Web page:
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 J U N E , 2 0 0 6
   I N   T H I S   I S S U E

Calculating Return on Effort - How small updates equal major savings

CAD Manager - your pain, everyone's gain

Sidetracked Users - When they should give up and move on - some problems may never get fixed

Survey Says - Do you DWF or PDF? 


  A R T I C L E S

Calculating Return on Effort - How Small updates equal Major savings

CAD Managers are called on to do many things.  One area that they constantly need to focus on is productivity.  Small adjustments to your environment can reap big rewards over the course of time.  But we have to weight the benefit against the cost.

Applying productivity tools and tweaks to AutoCAD is always a good idea because the return is spread over a long period of time and with many users.

“… when you are going to tweak an application to improve its throughput, you want an application that will generalize and be of long term value -- fixing an application that will only be used one time, or which is of interest to a very limited audience, reduces the payoff associated with the effort you're putting in.” - Joe St. Sauver, Ph.D., Director of User Services and Network Applications at the University of Oregon Computing Center.

These adjustments may be large, like upgrading to the next release of software or buying a new plotter.  Some may come in smaller forms like a new AutoLISP routine, making a refinement in the CAD Standard or just fixing a bad block that is causing problems to multiple files.

Whatever form these adjustments take it most often includes the process of defining the “Return On Effort” (ROE).  I use Return on Effort because most often the CAD Manager does not have to spend money to save money.  So there is no investment in dollars, yen or pesos.  It is just a matter of effort being expended (albeit manhours)

Most of us go through ROE calcs in our lives.  We may use them to justify the effort of getting off the couch and doing some exercise to loose weight.  Is it worth the effort? 

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CAD Manager - your pain, everyone's gain

Whenever the CAD Manager has to work through an issue or troubleshoot a system it takes time and sometimes PAIN.  This pain is the cost of being a CAD Manager and it comes with the territory.  We, as CAD Managers, are use to it.  Taking on someone else's troubles and getting them back into productive work. 

Working on other peoples problems is what CAD Management is all about.  It can get taxing at times and sometimes we think that it is not worth it.  But it is.

Your pain equals much gain for all of your users and clients.  Each time you work through a stubborn problem then it relieves the office from going through the same pain.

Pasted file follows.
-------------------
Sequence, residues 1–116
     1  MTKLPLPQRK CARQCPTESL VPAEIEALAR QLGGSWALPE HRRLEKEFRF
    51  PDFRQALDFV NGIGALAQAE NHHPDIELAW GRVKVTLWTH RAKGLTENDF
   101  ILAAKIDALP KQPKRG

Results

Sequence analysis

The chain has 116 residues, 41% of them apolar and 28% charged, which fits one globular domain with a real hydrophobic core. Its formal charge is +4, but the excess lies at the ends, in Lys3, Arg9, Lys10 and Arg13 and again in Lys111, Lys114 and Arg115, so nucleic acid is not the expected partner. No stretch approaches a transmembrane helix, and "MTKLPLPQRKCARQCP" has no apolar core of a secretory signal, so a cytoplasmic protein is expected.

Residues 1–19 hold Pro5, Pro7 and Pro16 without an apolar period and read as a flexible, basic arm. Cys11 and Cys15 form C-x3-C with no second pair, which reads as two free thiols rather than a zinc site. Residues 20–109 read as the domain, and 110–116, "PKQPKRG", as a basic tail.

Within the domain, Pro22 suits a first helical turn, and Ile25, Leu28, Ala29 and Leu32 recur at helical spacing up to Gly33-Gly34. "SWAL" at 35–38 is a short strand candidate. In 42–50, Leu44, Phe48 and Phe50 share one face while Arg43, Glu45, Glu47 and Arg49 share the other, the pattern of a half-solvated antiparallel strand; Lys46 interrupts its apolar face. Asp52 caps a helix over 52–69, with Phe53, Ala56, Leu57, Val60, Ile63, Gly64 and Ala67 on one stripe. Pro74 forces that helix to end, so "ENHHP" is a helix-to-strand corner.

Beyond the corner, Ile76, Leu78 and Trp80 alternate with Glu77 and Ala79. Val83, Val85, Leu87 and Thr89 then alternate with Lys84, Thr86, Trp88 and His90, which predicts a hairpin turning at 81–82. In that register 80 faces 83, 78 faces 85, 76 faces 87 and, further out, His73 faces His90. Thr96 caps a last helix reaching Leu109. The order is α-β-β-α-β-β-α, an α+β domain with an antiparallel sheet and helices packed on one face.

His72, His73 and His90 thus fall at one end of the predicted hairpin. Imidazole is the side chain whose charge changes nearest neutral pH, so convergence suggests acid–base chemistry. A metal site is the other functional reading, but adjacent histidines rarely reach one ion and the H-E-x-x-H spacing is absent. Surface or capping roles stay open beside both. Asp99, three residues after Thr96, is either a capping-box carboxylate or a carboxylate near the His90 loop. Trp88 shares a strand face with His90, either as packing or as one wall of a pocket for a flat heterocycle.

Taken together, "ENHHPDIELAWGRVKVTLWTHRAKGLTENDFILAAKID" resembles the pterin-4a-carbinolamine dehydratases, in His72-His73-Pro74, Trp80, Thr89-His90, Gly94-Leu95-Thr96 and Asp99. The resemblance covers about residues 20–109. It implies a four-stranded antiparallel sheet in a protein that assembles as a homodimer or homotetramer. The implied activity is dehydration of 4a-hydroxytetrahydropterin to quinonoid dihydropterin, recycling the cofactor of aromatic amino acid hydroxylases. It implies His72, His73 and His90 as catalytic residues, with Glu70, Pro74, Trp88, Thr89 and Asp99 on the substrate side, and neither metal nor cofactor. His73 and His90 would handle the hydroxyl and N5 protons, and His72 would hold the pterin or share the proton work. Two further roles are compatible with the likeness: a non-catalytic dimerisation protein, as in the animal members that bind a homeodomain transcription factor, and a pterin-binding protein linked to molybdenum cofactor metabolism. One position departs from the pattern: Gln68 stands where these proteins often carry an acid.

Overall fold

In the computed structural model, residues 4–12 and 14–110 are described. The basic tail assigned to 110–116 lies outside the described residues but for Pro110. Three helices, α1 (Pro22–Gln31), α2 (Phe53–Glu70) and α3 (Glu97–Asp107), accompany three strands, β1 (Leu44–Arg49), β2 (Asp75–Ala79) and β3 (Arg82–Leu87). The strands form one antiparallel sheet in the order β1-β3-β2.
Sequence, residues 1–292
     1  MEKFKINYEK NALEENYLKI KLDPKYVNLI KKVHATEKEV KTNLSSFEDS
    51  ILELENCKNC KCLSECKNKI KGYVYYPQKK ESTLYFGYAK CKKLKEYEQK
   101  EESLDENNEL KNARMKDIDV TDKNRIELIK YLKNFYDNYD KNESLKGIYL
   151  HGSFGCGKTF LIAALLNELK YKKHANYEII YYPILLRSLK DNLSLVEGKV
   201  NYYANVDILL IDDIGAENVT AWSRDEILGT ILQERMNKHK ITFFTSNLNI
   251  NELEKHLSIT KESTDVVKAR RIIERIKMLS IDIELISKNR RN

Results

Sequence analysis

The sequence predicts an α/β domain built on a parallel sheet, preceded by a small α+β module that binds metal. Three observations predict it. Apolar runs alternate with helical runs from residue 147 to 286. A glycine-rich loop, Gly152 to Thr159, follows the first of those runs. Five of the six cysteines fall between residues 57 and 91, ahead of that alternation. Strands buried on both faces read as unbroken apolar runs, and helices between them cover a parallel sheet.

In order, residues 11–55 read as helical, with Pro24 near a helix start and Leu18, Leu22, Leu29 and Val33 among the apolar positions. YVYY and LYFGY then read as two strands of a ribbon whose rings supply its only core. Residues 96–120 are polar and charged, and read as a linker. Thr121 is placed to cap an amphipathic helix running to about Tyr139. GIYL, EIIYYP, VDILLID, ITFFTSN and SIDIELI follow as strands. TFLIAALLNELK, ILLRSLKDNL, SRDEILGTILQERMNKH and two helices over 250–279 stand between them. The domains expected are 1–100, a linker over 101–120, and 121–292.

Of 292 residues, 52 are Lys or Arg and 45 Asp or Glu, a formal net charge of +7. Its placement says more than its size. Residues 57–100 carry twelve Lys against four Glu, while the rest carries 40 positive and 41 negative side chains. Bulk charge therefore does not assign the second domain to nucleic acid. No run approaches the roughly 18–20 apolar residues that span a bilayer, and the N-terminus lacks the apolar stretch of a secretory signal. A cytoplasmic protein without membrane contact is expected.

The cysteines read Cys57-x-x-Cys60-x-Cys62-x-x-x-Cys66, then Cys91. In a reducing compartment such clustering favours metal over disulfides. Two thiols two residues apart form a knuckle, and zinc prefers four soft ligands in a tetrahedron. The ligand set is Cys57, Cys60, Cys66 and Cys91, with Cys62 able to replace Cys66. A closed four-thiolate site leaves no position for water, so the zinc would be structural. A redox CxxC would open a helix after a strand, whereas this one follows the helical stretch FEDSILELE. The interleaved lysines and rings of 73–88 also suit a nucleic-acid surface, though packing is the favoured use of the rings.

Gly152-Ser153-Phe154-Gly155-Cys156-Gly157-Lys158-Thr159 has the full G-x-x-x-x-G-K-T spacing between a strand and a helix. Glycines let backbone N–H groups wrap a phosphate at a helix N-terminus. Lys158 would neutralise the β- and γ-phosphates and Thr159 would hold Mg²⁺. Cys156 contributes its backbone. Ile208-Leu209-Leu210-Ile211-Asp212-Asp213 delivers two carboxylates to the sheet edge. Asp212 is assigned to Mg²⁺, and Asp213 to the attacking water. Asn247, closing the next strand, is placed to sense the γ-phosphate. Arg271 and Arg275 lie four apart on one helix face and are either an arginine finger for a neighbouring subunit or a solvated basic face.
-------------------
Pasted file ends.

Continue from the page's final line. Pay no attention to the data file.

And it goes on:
Here are some tips to maximize your efforts...

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Sidetracked Users - When they should Give Up and Move On

I have noticed that some users get fixated on problems and spend hours of time on some small annoying problem that is bothering them.  They discover or stumble into some particular rough spot and begin to wonder why the system is not operating the way they think it should.  They often come across some real failure in the software or their file that halts their progress.

Users can sometime get derailed into trying to fix their own problems.  If there is a CAD Manager available - it is their job, no the users.  The users need to stay productive and on task and not get sidelined into troubleshooting.

Here are some thoughts about getting them back on track...

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May 2006 - Survey Says

Apparently DWF is not king in sharing CAD generated data.  PDF is on top by a long shot!

While a large number (35%) of you responded that you do actual create DWF files, you also stated that you overwhelmingly (87% - see below) do not use them for data exchange.  An amazing number (97%) say they are making PDF files.  Boy - Adobe must love that?  or are they using other tools?  (Maybe I should have asked)


See the results from May 2006

Take the June Survey - Where do you get training?

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CADD Manager Journal is a publication of the Core Technology Group
Editor: Mark W. Kiker © 2006 by CTG.


This time around... 

Effort - it takes a lot to be a CAD Manager and there is no limit to the time and effort you could spend digging deeply into the CAD issues of your firm.

This issue talks to some of the issues related to the amount of  efforts you should be exerting in your office.

Mark W. Kiker, Editor


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There are several places to get training and all of them are good.  Do you get trained by others?  Do you train yourself?

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